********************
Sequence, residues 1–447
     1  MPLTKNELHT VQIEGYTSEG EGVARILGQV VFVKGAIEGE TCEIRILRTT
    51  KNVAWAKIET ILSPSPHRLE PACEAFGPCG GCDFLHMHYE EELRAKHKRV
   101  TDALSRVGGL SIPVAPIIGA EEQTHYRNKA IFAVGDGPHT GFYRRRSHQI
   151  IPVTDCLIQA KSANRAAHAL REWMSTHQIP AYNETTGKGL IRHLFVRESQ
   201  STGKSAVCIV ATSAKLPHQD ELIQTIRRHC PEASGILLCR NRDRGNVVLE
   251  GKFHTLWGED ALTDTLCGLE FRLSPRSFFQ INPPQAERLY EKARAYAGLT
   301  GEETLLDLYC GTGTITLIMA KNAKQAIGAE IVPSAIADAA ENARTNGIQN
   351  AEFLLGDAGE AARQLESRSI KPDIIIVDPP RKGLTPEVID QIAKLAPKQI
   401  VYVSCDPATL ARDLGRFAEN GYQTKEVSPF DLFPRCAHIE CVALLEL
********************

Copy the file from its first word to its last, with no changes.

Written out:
Sequence, residues 1–447
     1  MPLTKNELHT VQIEGYTSEG EGVARILGQV VFVKGAIEGE TCEIRILRTT
    51  KNVAWAKIET ILSPSPHRLE PACEAFGPCG GCDFLHMHYE EELRAKHKRV
   101  TDALSRVGGL SIPVAPIIGA EEQTHYRNKA IFAVGDGPHT GFYRRRSHQI
   151  IPVTDCLIQA KSANRAAHAL REWMSTHQIP AYNETTGKGL IRHLFVRESQ
   201  STGKSAVCIV ATSAKLPHQD ELIQTIRRHC PEASGILLCR NRDRGNVVLE
   251  GKFHTLWGED ALTDTLCGLE FRLSPRSFFQ INPPQAERLY EKARAYAGLT
   301  GEETLLDLYC GTGTITLIMA KNAKQAIGAE IVPSAIADAA ENARTNGIQN
   351  AEFLLGDAGE AARQLESRSI KPDIIIVDPP RKGLTPEVID QIAKLAPKQI
   401  VYVSCDPATL ARDLGRFAEN GYQTKEVSPF DLFPRCAHIE CVALLEL